As you are probably aware, rising fuel costs, environmental concerns, and other issues have led to a significant uptick in the production and marketing of fuel-efficient vehicles such as hybrids and battery-powered engines. While the rising demand for these vehicles certainly comes from a positive place, recent studies suggest that the technology involved in actually making these vehicles may be a step or two ahead of the technology involved in maintaining them — and this could be potentially bad news for the average driver.
A recent Chicago Tribune study suggests that problems are beginning to emerge with many new-model fuel-efficient vehicles.
Certainly, this is to be expected with such a young, burgeoning technology, but what is potentially troubling is the admission that many mechanics and car service professionals candidly admit that there are very few (if any — depending on the type of vehicle) in the industry that are capable of dealing with repairs and other issues with these sorts of vehicles.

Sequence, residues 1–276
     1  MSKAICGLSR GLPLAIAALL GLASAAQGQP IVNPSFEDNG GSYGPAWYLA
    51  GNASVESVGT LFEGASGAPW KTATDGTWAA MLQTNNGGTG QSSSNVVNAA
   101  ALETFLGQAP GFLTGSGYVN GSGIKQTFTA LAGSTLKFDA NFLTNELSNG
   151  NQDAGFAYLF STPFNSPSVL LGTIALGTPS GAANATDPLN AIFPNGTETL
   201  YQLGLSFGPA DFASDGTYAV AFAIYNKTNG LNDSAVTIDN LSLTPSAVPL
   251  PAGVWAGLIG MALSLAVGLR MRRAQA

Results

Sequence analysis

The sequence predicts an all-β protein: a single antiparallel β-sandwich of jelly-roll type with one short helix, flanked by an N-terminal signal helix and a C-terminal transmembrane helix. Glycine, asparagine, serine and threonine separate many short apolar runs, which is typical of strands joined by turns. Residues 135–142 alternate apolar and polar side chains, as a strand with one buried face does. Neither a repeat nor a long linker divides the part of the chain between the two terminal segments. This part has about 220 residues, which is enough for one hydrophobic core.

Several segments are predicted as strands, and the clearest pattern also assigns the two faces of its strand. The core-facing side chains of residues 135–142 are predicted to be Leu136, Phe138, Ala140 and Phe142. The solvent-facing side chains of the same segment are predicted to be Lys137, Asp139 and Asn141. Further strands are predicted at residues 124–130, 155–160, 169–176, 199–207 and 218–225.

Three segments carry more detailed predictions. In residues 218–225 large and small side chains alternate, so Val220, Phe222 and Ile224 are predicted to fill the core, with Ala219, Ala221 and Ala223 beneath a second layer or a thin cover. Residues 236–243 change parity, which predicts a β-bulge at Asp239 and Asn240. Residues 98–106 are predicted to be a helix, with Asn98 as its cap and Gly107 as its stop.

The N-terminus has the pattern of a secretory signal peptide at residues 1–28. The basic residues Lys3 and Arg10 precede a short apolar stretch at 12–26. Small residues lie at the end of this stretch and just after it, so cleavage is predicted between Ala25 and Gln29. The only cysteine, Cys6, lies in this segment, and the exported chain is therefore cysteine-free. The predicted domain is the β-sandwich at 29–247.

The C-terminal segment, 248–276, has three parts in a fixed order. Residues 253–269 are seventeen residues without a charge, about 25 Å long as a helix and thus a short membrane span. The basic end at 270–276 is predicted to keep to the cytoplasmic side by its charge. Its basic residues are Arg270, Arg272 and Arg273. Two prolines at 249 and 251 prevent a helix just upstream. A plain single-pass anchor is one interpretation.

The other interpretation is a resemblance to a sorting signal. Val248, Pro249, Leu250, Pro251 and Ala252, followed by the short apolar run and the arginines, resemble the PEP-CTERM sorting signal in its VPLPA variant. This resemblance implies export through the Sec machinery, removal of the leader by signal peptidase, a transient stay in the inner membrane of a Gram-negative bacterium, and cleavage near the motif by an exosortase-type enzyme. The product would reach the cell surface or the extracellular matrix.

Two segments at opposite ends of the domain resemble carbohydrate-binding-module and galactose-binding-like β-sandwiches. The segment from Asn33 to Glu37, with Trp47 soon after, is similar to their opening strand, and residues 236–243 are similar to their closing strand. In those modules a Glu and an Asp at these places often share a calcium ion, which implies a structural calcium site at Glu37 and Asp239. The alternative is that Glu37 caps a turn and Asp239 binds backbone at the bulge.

This is leading many to wonder who, exactly, will bear the blame when something goes wrong with these sorts of vehicles. At first glance, there is a distinction to be drawn — situations such as those mentioned early in the Tribune’s study, where electric car batteries have malfunctioned tend to fall predominantly on the manufacturers and/or car dealers under a theory of warranty. However, if it is not a blatant defect in the product, then the fault from the lack of individuals with proper training and skill in upkeep may actually fall on the driver.
Many lawsuits following auto accidents come down to the fact that the owner/driver of the car at fault failed to properly maintain their vehicle (i.e. shoddy brakes, bald tires, a poorly working engine) — these are things that are attributed to the driver or owner, since the neglect of their car put everyone in the situation to begin with.
Does this general principle change when poor car maintenance isn’t really the fault of the driver, but stems from the fact that the technology involved may be lagging a few steps behind? Naturally, it is far too soon to have any real answers to this question, but it is certainly something to think about the next time you buy a car.
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